Tyler and Lily and Mozart

You don’t hear much crying in NICU. 
The lungs of these babies lack breath 
for crying. Their incubators mute 
sounds. There’s electronic anxiety, 
you hear its beeps, pings and bells. Also 
a taut mother who tells a midwife 
she’s sure something’s wrong with his face 
and why won’t the doctors say, are they 
hiding something? You hear two midwives’ 
soft talk as they change a feeding tube. 
Another reaches through a porthole 
of an incubator, lifts Tyler 
(29 weeks) now eighteen days, 
holds in her palm the least bottomy 
bottom in the world and tells Tyler 
he’s doing so well while a student 
midwife changes his sheet. You hear wheels 
on the firm floor and this faint sound, 
as if you imagine music. Go 
over to Lily, here since April, 
but may get home to Nelson next week. 
A blanket covers the curve of clear 
plastic above her face. Put your ear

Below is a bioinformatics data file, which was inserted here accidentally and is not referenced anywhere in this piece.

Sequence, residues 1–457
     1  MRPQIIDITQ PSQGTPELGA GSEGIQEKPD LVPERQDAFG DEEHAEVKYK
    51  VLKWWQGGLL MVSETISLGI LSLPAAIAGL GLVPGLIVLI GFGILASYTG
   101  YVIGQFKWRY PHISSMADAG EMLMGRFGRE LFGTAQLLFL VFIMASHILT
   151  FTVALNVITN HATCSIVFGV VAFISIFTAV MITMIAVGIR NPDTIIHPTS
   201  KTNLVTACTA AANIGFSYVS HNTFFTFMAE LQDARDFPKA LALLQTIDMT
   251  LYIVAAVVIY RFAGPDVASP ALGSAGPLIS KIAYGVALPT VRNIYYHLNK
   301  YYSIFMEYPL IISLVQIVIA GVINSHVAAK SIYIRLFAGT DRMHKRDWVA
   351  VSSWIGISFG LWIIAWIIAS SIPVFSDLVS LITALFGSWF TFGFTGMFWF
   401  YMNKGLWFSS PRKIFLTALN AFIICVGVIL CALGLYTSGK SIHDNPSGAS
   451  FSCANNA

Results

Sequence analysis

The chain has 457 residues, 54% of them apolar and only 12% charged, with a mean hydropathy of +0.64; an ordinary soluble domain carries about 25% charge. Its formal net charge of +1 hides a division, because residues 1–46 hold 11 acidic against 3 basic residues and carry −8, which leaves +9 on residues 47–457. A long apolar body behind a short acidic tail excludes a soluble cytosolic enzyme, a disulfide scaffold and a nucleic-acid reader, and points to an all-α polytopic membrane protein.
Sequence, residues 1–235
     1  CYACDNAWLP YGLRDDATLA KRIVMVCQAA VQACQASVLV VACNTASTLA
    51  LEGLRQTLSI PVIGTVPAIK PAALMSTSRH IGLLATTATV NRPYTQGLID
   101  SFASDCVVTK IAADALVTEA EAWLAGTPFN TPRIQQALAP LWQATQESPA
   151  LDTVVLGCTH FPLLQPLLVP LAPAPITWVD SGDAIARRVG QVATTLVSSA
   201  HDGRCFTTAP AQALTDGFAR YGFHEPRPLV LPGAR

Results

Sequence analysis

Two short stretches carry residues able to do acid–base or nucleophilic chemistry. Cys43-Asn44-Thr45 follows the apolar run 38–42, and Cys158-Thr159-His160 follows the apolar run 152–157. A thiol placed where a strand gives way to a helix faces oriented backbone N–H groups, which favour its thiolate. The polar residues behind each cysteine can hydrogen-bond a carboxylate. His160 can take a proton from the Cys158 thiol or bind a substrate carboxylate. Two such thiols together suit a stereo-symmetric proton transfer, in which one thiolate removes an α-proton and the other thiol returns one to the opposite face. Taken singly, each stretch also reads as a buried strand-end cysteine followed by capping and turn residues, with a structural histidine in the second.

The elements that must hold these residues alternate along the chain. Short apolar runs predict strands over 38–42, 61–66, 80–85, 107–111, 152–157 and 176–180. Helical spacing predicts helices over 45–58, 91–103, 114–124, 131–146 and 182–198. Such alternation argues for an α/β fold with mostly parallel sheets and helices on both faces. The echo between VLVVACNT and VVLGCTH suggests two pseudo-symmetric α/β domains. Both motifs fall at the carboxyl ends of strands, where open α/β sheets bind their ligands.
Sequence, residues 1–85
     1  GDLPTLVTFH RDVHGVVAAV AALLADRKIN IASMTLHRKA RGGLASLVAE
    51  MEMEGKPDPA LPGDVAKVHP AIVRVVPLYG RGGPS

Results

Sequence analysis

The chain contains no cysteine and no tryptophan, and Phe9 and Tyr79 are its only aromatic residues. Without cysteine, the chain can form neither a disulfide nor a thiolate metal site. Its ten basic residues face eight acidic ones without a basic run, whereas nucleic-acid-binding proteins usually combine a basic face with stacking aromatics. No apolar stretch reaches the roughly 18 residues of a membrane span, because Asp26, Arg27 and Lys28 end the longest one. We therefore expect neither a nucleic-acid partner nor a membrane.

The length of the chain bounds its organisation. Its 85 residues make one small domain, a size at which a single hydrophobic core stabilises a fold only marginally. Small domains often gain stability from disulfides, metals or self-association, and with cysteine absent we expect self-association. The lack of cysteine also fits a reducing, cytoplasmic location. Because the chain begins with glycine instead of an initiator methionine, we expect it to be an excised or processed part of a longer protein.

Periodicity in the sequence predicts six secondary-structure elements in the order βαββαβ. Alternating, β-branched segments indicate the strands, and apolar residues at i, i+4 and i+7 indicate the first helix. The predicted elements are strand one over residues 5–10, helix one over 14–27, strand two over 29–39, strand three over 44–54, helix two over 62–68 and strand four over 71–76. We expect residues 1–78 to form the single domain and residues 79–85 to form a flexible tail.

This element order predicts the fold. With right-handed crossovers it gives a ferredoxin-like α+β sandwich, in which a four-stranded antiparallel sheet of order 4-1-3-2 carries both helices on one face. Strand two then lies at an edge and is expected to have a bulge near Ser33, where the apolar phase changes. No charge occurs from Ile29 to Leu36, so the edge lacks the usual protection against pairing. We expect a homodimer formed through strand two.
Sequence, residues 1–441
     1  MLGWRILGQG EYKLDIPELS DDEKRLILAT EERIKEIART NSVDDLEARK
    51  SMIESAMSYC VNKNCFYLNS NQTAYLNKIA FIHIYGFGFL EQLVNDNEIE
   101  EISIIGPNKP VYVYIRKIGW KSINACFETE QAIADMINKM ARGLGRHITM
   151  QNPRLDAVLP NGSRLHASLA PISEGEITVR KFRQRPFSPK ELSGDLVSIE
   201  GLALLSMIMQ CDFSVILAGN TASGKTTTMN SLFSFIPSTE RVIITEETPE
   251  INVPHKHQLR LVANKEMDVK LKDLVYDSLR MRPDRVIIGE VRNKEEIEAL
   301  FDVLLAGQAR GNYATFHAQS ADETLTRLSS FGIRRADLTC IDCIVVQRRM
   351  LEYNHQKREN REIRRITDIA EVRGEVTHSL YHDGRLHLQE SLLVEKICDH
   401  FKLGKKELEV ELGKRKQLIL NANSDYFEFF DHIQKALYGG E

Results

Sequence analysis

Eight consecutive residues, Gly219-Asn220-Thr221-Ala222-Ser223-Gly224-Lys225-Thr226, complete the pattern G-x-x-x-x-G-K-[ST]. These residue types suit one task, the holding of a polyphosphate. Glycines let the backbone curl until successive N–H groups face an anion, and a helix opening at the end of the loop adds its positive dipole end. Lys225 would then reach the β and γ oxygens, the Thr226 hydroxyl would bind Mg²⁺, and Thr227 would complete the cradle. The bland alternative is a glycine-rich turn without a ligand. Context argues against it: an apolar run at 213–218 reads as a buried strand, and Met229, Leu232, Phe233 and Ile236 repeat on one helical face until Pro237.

close. There. Eine Kleine Nachtmusik. 
You and Lily listen to Mozart. 


I like your kind attention to this 
horse with a white blaze that trots to meet 
you. Its coat is stuck together with 
mud. You pick sprigs of tree lucerne from 
the yard of the white wooden church 
on the corner of State Highway 6. 
The leaves smell of summer, its flowers 
are sweet white buds. From the dark curve of 
his eyes he regards us. When I want 
to feed him bit by bit, he uses 
his deft tongue and blunt teeth to snatch up 
the bunch from my hand. You know a damp 
bank of herbs. In the spring you gather 
cress, clover and tree lucerne, a huge 
leafy bouquet to please the hungry 


Rachel Bush lives in Nelson. Her first two books of poetry, The Hungry Woman and The Unfortunate Singer, are published by Victoria University Press. In late 2004 she was Poet in Residence at Wellington Hospital. Her new book, All Patients Report Here, to be published by Wai-te-ata Press in December 2006, draws on this experience, as does ‘Tyler, Lily and Mozart’.